My film is set in ancient Turkey. I have locations with appropriate architecture, but how can I make it look "authentic" - Is there a way to avoid having it look like it's the year 2007? Is there a particular grain or speed (color film) to use, or avoid?


Honestly, some of my favorite movies set in some period other than now are the ones that don't do anything to date the look of the film. The 60s didn't look any different than the 600s B.C. and neither look different than now. If you feel like making your own look for ancient Turkey, you can do it.
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#4 Matthew Buick

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Posted 04 February 2007 - 01:42 PM

If you want a 60s-mid 70s look use Monopack, if you want a mid 70s to early 80s look use glorious 5247.
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#5 K Borowski

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Posted 04 February 2007 - 04:29 PM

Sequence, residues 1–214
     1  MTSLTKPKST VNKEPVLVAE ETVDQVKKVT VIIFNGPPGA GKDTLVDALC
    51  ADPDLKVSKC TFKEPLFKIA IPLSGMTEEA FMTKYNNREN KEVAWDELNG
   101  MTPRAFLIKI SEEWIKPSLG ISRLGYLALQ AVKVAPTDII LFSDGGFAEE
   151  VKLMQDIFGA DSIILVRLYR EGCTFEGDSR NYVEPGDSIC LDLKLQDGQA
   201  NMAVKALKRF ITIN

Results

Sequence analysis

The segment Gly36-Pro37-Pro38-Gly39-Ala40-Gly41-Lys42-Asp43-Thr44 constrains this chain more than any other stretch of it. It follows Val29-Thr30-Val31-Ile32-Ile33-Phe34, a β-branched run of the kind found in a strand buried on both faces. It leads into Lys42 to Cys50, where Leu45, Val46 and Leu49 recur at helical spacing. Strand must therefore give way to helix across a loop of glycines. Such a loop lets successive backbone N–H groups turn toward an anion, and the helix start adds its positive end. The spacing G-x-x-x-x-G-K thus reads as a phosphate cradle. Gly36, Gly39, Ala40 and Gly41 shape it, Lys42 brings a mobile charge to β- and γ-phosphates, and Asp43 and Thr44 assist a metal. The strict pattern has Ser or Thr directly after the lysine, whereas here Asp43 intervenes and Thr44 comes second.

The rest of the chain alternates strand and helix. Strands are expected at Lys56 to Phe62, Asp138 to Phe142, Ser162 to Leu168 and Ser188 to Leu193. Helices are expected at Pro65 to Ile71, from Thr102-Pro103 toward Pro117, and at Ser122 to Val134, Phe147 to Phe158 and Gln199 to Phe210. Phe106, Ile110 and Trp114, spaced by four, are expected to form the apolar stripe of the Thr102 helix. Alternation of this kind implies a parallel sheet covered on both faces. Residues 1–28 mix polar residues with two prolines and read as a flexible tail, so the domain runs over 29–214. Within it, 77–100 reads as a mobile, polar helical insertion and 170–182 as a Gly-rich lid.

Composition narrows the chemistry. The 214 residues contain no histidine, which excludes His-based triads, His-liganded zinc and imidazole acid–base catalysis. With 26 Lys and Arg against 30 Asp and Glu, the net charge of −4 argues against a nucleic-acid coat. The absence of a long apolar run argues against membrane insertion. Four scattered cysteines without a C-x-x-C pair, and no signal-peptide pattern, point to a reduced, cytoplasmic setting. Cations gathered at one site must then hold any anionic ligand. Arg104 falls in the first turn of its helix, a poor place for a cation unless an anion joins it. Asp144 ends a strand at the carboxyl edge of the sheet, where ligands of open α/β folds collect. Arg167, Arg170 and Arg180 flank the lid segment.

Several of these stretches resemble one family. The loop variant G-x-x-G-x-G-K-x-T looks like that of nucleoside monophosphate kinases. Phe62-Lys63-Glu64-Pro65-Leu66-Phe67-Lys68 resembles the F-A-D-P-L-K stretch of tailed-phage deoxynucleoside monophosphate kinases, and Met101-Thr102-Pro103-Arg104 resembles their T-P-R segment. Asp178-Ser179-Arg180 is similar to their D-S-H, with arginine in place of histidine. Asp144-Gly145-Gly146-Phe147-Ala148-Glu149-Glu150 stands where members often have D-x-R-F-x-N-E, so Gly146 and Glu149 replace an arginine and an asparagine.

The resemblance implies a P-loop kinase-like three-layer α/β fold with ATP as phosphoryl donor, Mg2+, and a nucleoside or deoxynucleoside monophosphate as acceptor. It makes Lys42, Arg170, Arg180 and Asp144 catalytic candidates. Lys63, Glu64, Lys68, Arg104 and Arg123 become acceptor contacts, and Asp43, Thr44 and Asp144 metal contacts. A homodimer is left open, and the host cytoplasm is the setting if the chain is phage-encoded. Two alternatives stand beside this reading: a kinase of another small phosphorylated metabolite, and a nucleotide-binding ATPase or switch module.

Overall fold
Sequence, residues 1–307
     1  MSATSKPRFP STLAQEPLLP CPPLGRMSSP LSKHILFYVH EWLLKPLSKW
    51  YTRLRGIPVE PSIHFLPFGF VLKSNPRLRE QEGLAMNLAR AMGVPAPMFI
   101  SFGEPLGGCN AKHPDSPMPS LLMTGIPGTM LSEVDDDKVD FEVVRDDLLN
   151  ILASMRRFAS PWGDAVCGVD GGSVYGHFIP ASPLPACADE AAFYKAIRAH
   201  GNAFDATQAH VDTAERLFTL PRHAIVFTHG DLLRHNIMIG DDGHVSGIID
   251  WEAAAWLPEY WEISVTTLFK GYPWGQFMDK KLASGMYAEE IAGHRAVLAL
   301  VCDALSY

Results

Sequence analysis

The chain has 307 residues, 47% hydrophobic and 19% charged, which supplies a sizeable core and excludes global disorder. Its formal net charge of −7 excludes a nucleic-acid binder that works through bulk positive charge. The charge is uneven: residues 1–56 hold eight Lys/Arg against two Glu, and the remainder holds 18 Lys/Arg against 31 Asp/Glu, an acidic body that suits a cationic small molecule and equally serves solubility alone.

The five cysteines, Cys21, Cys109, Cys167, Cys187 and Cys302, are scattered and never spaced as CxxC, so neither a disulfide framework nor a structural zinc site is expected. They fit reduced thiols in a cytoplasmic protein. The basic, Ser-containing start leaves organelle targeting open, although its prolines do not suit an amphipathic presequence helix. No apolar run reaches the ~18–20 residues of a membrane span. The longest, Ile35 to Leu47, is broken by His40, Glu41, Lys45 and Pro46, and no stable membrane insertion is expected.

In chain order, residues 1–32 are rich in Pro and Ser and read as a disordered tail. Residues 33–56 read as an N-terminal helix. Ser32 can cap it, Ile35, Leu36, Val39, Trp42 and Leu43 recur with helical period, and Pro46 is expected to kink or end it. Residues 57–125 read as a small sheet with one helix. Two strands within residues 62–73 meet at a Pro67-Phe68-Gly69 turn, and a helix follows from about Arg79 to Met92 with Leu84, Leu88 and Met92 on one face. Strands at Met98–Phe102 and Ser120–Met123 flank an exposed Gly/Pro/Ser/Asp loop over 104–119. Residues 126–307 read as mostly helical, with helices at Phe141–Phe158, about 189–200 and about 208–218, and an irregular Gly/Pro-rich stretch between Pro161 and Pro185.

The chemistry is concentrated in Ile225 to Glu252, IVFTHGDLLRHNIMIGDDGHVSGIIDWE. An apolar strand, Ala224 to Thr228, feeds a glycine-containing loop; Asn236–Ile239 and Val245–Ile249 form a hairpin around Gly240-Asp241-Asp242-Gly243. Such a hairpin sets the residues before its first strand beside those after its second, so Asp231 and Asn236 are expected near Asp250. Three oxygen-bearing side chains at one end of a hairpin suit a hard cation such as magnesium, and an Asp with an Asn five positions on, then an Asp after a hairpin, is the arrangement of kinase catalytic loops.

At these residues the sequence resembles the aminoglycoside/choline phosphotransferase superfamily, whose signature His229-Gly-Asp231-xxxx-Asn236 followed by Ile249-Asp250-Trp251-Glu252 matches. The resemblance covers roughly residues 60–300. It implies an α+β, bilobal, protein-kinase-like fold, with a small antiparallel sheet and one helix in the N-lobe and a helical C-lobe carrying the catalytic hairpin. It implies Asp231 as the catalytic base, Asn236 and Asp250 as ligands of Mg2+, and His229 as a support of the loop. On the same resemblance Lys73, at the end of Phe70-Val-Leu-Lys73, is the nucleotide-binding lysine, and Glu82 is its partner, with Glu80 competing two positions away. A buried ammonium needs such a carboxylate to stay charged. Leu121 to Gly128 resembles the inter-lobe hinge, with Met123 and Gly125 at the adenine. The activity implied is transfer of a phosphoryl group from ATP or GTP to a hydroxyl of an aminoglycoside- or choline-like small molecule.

I realize I am departing from cinematography some here, and this is extending into other people's areas of expertise, but I think it is important for the whole team to agree on trying to impart a movie with a realistic period look if you want it to work: I think the best way to show that it is ancient times is to really do a lot of research into the culture of the time. There are so many hollywood cliches and anachronisms in some of the modern hollywood movies it isn't even funny. You cannot be politically correct in a film about ancient times. Women were treated brutally in many ancient cultures, in some not even allowed to speak unless spoken to, discipline was harsh, there was slavery and brutality, etc. Look into some of this stuff. Also, a lot of people were in positions of power at a very young age. It was NOT like today where you were considered an adult at the age of 18 or 20 or 21. You were considered an adult at 12 or 13. People often got married before they were 15. People were, by some accounts, almost a foot shorter than the average person is today. I would try to either cast or portray this shortness photographically. Try to light realistically as well. Look to Barry Lindon for probably the best portrayal of a pre-electric community that has been done in modern color cinema. They didn't have HMIs, Mercury vapor, or tungsten lamps, they had CANDLES and TORCHES. I'd say with modern glass and some fast stock maybe pushed a stop, you could do an excellent job of lighting realistically without the need for 10,000 double-wicked candles illuminating your set.